Stuart Forster heads to Canada and visits the Saltbox Brewing Company in Mahone Bay, Nova Scotia, interviewing brewer Jon Rains.
The Saltbox Brewing Company is a craft brewery based in Mahone Bay in Nova Scotia, Canada. The small town overlooks an inlet on the Atlantic coastline, about an hour’s drive southwest of Halifax, the provincial capital.
The view of three of the town’s churches reflecting in the water of the Atlantic is one of the most photographed scenes in all of Canada. Dotted with art and craft stores, Mahone Bay is a pleasant place to break a road trip. Lunenburg, which was designated a UNESCO World Heritage Site in 1995, is less than 15 minutes’ drive away.
Chatting with brewer Jon Rains
Jon Rains is the brewer at Saltbox, which was established back in 2016. He was kind enough to set aside time to answer my questions about the brewery.
“The four founders recognised there was no local brewery in Mahone Bay. They also saw an opportunity to provide an employment base in the community,” explains Jon, who has been with the craft brewery since it opened.
“Actually, I started out working on the construction crew that built Saltbox and once the brewery opened, I started to learn about keg washing and cellaring. I quickly developed a passion for working in the brewery and I began to get more and more involved in the brewing side of things,” says Jon, who studied to be a heritage carpenter.
Part of the community
“The taproom has become a hub the community. People feel a sense of pride about it. They bring their company from away to show it off, and wear T-shirts when they travel,” says Jon with palpable pride.
Saltbox has a 10-barrel brewhouse, meaning it produces around 1,173 litres of beer in every brew. The brewery’s produce has been exported as far as the Netherlands and Japan but most is sold locally, in Nova Scotia.
What’s in a name?
The Saltbox Brewing Company’s beer names tend relate to aspects of the province’s heritage. For example, Make and Break double IPA takes its name from the marine engine used by fishing vessels in the early 1900s. The Loyalist Old English Ale is a tip of a tricorn hat to the 35,000 British subjects who resettled in Nova Scotia following the American Revolution. Blue Nose 1850 is named after the famous schooner that was built in Mahone Bay and features on the reverse of Canadian 10 cent coins.
“I take a lot of pride in the Dynamite Trail Ale Hefeweizen, I love the way the recipe has developed over the years,” says Jon, about a beer named after a 12km stretch of abandoned rail line — ideal for cycling or walking along — between Mahone Bay and Martin’s River.
Saltbox’s Crustacean Elation ale
One of the brewery’s more unusual seasonal beers is its Crustacean Elation ale, made with lobster.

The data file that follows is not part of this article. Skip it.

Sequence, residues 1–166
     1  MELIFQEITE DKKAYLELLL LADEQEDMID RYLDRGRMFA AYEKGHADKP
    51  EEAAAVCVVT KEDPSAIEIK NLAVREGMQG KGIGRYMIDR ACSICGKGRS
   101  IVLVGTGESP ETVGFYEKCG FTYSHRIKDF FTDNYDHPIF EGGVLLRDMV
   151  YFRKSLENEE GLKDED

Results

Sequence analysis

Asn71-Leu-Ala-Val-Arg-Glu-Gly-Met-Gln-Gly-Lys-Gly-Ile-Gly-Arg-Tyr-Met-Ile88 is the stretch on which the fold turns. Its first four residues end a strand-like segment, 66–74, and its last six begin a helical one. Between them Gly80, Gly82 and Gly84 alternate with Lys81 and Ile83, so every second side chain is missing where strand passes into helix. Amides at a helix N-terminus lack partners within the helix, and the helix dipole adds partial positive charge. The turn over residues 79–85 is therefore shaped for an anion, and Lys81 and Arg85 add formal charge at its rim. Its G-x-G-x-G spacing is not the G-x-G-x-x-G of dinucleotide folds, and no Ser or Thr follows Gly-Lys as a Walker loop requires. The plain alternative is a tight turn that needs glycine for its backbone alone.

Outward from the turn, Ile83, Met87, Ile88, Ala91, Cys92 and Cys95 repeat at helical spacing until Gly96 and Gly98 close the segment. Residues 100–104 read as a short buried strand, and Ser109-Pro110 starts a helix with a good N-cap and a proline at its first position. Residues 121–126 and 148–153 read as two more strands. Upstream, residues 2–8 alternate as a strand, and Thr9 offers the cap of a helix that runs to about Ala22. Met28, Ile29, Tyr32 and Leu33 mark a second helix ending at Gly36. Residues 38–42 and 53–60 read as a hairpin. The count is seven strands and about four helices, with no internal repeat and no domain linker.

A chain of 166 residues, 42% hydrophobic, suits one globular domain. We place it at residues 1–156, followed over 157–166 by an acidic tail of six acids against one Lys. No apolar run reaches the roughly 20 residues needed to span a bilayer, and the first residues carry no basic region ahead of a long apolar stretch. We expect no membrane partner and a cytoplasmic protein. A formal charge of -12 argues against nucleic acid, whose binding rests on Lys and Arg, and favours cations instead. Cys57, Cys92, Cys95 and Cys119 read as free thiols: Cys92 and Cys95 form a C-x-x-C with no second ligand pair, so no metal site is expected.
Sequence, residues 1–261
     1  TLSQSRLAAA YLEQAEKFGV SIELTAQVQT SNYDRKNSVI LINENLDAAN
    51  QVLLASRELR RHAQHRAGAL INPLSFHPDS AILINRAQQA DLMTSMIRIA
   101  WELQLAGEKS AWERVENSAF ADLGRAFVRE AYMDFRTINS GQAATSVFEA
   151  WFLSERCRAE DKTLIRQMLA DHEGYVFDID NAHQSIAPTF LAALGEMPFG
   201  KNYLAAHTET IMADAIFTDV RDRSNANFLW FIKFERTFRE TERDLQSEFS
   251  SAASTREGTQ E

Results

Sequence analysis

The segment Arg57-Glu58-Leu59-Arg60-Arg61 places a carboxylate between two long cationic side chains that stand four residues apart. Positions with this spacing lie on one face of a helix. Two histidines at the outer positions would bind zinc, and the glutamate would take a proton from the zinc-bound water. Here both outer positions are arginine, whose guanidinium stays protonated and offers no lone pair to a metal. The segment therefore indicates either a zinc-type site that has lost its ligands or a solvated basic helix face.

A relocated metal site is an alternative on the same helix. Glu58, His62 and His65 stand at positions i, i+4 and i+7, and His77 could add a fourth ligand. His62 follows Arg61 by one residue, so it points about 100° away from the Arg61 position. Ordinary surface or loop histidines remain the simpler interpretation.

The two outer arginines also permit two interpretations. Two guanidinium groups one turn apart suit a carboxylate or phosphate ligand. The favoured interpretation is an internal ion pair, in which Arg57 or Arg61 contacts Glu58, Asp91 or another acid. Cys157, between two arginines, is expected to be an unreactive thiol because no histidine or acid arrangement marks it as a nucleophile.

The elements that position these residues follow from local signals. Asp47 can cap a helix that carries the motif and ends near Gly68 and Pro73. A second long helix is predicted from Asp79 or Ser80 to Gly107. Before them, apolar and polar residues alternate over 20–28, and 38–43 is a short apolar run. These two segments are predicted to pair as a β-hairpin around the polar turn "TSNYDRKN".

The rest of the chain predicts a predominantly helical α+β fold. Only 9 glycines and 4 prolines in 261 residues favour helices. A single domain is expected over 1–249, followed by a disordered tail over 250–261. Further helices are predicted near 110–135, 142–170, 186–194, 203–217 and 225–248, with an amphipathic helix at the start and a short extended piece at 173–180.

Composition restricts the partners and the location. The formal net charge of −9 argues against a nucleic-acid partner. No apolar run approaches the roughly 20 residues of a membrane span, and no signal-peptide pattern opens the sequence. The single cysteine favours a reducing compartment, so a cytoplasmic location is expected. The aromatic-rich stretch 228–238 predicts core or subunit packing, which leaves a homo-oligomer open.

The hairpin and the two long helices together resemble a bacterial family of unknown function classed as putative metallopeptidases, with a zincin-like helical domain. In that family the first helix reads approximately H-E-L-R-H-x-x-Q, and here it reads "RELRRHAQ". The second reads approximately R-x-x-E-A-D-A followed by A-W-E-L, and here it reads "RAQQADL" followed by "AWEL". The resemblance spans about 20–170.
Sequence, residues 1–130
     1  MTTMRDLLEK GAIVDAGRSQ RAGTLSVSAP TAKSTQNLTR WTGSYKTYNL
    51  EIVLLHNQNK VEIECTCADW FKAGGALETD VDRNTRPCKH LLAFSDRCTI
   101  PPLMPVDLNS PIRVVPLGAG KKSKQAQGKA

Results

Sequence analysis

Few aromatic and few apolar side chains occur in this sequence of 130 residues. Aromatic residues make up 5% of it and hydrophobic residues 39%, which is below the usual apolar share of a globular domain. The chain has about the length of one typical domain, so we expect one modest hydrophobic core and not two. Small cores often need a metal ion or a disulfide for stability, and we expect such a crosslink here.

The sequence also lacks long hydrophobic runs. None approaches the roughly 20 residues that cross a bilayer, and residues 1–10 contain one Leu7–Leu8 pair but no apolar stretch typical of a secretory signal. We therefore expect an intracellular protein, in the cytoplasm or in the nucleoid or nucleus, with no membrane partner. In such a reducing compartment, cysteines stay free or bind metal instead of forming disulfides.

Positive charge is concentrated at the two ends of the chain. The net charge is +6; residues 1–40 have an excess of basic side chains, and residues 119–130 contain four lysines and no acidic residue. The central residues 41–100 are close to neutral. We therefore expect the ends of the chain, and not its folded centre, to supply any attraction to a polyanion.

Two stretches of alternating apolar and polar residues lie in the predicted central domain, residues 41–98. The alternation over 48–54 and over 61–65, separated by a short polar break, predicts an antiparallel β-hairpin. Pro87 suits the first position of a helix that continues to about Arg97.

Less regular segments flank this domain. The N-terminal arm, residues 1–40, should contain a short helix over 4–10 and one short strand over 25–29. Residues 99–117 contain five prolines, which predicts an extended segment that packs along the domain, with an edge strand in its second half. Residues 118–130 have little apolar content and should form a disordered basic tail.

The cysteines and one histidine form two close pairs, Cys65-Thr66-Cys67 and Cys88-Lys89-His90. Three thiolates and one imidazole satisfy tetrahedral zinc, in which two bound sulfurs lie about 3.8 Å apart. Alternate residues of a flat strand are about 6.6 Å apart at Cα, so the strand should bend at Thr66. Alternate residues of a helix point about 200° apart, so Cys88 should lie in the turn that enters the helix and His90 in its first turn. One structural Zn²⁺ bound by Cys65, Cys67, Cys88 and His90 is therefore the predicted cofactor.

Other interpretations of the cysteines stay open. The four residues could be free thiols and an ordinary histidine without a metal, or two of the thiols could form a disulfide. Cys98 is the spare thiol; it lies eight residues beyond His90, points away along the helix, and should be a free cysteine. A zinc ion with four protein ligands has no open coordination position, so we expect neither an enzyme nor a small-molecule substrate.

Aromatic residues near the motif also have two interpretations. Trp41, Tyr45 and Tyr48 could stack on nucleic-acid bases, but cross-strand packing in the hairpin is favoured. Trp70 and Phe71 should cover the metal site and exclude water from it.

“Our lobster beer was inspired by the South Shore Lobster Crawl, which happens every February in Nova Scotia. We feel it pays homage to the hardworking fishermen who have made the lobster one of Nova Scotia’s major exports,” says Jon.
“At first we thought the idea was pretty wacky, and well, I guess we still do! But the reception from drinkers has been great. Many people want to try it for the novelty, but they are pleasantly surprised once they taste it,” he adds.
“It’s a light, sessionable beer which pairs well with seafood,” says its brewer.
Craft brewing in Nova Scotia
Nova Scotia’s craft brewing scene has changed markedly since I first visited the province a few years ago. As a lover of good beer, I find there’s now a significantly broader selection of characterful beers to choose from in the province’s pubs.
“We have definitely seen a lot of breweries pop up over the last couple of years,” confirms Jon. “It’s a great thing really. There’s a sense of camaraderie among breweries and brewers in Nova Scotia.”
I ask for recommendations about breweries to look out for and Jon doesn’t hesitate to provide suggestions: “Schoolhouse Brewery, in Windsor, makes some excellent beers and they have a beautiful taproom. Tusket Falls Brewing Company, in Tusket [near Yarmouth] is a must try for anyone passing through.”
“If you ever find yourself in Mahone Bay, come say hello at our taproom,” comments Jon when I ask if he has anything else to say to Go Eat Do’s readers.
Be sociable in Nova Scotia
If you do find yourself raising a glass in Nova Scotia you might find it handy to know that people tend not to say ‘cheers’ when clinking drinks. ‘Sociable!’ is the most common toast.
See the Saltbox Brewing Company website for more information about the brewery and the beers that it brews.
Stuart Forster, the author of this article, is a member of the British Guild of Beer Writers.
Illustrating photos are by Why Eye Photography.
Thanks for reading this article about the Saltbox Brewing Company in Mahone Bay, Nova Scotia. If you like beer you might enjoy this interview with Daniel McColl of McColl’s Brewery in northeast England.
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